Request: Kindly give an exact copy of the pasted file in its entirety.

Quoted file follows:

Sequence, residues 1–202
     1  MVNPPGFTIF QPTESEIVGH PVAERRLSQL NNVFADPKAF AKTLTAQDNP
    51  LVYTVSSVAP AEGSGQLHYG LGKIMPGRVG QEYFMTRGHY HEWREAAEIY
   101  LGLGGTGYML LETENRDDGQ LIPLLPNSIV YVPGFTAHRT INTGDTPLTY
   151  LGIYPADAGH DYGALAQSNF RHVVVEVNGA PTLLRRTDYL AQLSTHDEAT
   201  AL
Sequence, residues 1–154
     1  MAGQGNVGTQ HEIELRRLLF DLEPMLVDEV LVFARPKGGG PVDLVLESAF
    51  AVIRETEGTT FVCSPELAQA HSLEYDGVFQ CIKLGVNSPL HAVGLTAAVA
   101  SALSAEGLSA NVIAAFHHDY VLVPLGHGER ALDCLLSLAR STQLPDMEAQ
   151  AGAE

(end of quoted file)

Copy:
Sequence, residues 1–202
     1  MVNPPGFTIF QPTESEIVGH PVAERRLSQL NNVFADPKAF AKTLTAQDNP
    51  LVYTVSSVAP AEGSGQLHYG LGKIMPGRVG QEYFMTRGHY HEWREAAEIY
   101  LGLGGTGYML LETENRDDGQ LIPLLPNSIV YVPGFTAHRT INTGDTPLTY
   151  LGIYPADAGH DYGALAQSNF RHVVVEVNGA PTLLRRTDYL AQLSTHDEAT
   201  AL
Sequence, residues 1–154
     1  MAGQGNVGTQ HEIELRRLLF DLEPMLVDEV LVFARPKGGG PVDLVLESAF
    51  AVIRETEGTT FVCSPELAQA HSLEYDGVFQ CIKLGVNSPL HAVGLTAAVA
   101  SALSAEGLSA NVIAAFHHDY VLVPLGHGER ALDCLLSLAR STQLPDMEAQ
   151  AGAE